Purpose of review: There is a great deal of interest in minimally invasive total-knee replacement. Borrowing some of the concepts developed by total-hip surgeons, minimal-incision total-knee surgery has become suddenly popular. Recent findings: An increasing number of publications support the concept that minimal-incision total-knee replacement can be performed safely. 'Minimally invasive surgery', however, involves more than simply a smaller incision: improved pain management, soft-tissue techniques and patient education are also important components of this concept. It is important, however, to avoid compromising the results of a successful total-knee replacement simply to achieve a smaller incision. Summary: Although early reports by several authors show some advantages to the less-invasive approach for total-knee replacement, caution must be exercised. There are no long-term reports supporting this concept and further study must be done to ascertain whether these noted improved outcomes are due to improved patient education, pain management and rehabilitation, or to less-invasive surgical techniques.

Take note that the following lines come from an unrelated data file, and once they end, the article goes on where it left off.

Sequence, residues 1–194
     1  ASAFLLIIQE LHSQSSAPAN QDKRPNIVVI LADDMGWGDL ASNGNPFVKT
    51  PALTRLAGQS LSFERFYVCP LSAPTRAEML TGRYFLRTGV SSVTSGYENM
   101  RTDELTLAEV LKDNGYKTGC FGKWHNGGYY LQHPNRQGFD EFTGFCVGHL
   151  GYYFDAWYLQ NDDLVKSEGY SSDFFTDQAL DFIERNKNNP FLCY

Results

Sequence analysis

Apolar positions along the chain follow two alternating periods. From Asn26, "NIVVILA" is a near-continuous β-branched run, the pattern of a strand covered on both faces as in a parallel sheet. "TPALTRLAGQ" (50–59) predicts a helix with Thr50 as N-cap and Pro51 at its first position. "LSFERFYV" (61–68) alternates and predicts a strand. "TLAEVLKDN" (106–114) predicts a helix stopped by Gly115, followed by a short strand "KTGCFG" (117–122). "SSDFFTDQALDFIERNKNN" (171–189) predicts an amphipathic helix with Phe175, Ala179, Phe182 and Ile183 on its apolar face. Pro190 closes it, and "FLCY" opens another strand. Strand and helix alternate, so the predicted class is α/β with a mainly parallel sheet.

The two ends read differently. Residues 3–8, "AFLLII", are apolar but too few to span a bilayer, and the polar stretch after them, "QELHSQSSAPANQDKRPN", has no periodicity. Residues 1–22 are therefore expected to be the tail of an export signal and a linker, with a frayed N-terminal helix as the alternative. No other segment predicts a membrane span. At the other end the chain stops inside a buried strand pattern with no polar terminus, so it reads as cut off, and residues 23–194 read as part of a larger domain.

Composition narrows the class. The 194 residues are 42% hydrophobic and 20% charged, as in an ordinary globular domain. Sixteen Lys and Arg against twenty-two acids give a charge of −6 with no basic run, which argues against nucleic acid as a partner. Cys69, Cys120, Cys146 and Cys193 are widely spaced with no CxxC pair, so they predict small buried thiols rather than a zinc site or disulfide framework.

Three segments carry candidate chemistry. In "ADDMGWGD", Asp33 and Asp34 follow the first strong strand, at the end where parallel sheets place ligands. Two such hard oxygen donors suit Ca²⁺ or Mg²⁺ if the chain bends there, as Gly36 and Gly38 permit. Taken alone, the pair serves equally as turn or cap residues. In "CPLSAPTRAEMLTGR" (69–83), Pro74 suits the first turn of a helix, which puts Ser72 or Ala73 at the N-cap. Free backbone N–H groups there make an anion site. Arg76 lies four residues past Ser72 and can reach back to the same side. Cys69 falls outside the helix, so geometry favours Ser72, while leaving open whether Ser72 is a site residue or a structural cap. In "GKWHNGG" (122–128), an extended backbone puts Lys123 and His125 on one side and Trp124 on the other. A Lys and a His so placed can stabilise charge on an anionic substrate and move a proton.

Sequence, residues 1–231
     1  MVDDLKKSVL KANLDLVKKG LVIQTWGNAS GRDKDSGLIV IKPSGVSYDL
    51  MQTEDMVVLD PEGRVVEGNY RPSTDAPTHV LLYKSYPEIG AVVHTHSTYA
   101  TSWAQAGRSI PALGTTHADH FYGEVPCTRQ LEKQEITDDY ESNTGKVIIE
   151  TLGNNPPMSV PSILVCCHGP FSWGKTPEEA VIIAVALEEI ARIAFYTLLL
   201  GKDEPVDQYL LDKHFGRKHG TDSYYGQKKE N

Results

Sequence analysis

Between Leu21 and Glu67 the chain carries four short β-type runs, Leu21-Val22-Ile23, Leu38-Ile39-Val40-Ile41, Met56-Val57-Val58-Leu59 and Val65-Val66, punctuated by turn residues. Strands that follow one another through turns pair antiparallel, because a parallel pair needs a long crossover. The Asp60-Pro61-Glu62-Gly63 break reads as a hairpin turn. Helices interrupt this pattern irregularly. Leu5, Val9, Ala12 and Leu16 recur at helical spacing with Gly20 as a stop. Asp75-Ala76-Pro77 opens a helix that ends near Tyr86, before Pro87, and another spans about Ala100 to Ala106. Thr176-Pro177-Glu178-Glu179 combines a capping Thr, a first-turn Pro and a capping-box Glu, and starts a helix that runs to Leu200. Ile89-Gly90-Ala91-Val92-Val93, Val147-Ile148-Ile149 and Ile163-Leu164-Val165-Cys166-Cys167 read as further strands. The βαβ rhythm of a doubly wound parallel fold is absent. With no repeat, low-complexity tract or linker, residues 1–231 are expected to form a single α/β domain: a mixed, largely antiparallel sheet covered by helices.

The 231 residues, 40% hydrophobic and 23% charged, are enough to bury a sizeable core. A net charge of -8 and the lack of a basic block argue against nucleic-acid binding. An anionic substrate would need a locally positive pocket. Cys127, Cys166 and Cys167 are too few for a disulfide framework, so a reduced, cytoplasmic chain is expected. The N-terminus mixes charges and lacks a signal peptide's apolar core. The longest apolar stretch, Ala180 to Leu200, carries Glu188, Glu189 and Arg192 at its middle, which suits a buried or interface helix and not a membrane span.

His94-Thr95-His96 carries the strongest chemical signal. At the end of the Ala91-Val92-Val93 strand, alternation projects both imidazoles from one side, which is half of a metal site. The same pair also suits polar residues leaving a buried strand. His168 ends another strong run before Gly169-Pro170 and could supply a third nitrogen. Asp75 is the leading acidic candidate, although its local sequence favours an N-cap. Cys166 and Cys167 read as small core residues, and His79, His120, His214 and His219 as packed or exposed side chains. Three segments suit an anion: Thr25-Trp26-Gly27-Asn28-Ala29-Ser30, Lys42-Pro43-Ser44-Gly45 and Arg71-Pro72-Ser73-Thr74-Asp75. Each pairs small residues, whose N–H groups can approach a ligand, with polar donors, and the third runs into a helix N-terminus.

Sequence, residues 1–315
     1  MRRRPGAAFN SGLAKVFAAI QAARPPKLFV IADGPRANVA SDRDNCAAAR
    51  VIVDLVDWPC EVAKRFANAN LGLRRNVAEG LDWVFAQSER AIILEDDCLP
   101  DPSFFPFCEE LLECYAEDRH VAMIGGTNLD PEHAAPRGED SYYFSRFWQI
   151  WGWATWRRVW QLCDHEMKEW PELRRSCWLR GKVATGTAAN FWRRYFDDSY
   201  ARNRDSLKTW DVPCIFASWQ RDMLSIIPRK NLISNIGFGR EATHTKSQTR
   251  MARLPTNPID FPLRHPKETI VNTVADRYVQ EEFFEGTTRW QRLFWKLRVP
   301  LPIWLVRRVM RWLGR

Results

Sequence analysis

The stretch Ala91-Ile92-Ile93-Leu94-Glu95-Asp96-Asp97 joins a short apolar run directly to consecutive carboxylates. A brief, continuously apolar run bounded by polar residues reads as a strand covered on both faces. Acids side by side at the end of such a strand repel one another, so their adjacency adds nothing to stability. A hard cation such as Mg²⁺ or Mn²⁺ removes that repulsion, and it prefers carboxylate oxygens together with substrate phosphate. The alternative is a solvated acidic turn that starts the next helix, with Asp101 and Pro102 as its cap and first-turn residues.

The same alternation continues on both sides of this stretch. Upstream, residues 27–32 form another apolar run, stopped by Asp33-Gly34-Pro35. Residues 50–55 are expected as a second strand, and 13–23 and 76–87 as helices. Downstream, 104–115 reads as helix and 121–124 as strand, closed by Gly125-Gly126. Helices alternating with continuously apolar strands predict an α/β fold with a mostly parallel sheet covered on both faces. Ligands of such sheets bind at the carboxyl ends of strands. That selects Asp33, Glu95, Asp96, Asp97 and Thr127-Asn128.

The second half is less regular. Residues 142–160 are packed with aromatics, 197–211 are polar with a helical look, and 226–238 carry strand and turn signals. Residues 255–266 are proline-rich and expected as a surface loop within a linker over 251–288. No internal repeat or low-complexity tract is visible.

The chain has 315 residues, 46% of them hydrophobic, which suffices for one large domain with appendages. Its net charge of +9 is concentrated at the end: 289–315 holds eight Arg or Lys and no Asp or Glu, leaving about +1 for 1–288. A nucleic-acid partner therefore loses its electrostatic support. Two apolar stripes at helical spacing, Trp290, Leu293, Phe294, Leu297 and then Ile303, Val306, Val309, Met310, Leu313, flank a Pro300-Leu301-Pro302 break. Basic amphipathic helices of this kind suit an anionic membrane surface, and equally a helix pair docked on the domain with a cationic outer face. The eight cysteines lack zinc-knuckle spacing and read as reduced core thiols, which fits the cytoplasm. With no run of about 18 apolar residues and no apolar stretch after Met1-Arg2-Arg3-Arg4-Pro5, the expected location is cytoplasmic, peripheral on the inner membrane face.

|Original language||English (US)|
|Number of pages||4|
|Journal||Current Opinion in Orthopaedics|
|State||Published - Feb 1 2006|
- Minimally invasive surgery
- Total-knee replacement
ASJC Scopus subject areas